Join us Wednesday, February 3rd at 3:00 PM EST/4:00 AST for a webinar to discuss the collection of studies included in Fall 2020 special volume of the Centro Journal showing evidence of how post disaster recovery is progressing in Puerto Rico, and the challenges and opportunities for local participation in reconstruction programs.
This webinar is cosponsored by
The National Puerto Rican Agenda, National Puerto Rican Student Coalition, IdeaComún,
Puerto Rican Student Association at NYU, Despierta Boricua at Yale, and Urbana Planifica
Entrepreneurial Dynamics in Puerto Rico Before and After Hurricane María
Marinés Aponte, Professor, Business Administration Department at Universidad de Puerto Rico, Recinto de Río Piedras
Centros de Apoyo Mutuo: reconfigurando la asistencia en tiempos de desastre
Roberto Vélez-Vélez, Associate Professor, Department of Sociology, SUNY at New Paltz
Impact of Hurricane María to the Civic Sector: A Profile of Non-Profits in Puerto Rico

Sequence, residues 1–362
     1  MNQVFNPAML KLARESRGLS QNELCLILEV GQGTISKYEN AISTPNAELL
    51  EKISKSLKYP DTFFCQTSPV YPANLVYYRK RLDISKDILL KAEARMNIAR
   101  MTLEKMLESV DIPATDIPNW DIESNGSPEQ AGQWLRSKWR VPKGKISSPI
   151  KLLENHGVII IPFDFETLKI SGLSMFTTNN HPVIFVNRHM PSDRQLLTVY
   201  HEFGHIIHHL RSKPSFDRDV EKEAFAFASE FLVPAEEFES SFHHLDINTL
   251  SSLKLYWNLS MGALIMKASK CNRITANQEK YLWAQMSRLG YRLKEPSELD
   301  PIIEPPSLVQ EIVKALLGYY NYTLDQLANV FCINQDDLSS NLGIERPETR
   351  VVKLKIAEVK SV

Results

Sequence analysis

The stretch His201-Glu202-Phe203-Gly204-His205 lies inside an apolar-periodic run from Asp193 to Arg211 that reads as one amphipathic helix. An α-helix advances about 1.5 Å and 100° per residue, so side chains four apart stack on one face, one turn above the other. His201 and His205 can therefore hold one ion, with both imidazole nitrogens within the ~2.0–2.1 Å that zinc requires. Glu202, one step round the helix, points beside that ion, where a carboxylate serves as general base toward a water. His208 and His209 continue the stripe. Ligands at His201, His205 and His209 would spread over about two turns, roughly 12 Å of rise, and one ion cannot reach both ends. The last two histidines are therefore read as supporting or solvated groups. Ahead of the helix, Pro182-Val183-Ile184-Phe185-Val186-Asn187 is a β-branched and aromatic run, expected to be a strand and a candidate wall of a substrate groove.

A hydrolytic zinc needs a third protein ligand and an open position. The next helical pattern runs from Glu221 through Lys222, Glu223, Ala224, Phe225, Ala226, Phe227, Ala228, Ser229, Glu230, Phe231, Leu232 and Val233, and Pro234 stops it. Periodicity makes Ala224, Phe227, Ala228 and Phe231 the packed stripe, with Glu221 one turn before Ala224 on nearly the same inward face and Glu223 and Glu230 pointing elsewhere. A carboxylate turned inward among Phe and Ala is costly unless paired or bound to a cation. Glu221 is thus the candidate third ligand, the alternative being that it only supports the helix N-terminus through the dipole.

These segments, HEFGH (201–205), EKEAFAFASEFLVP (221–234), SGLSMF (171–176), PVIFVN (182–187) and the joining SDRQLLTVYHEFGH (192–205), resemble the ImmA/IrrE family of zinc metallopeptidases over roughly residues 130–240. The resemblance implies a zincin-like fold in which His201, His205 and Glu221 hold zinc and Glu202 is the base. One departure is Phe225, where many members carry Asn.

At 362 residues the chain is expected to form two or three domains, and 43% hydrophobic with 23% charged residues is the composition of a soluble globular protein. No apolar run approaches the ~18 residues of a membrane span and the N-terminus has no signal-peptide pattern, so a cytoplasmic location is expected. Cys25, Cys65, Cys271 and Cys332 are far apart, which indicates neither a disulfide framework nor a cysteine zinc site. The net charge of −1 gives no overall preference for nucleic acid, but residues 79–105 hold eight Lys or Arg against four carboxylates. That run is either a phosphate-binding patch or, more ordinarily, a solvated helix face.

Ivis García Zambrana, Assistant Professor, City & Metropolitan Planning, University of Utah
Puerto Rico Community Development Industry’s Capacity for Disaster Recovery
Edwin Meléndez, Director of the Center for Puerto Rican Studies and Professor of Urban Policy and Planning, Hunter College
What is Possible? Policy Options for Long-term Disaster Recovery in Puerto Rico
Ariam L. Torres Cordero, Centro Researcher and doctoral student in Urban Planning (DSUP) at the University of Illinois Urbana-Champaign
Presenter bios can be found at this link: https://centropr.hunter.cuny.edu/education/instructores
A Profile of Non-Profits and Recovery PPP (PDF) by Ivis Garcia Zambrana
CENTRO: Journal Special Issue: Post-Disaster Recovery in Puerto Rico and Local Participation is available here http://www.centropr-store.com/centro-journal-vol-xxxii-no-3-fall-2020/WHENLiquid error: undefined method `day' for nil:NilClass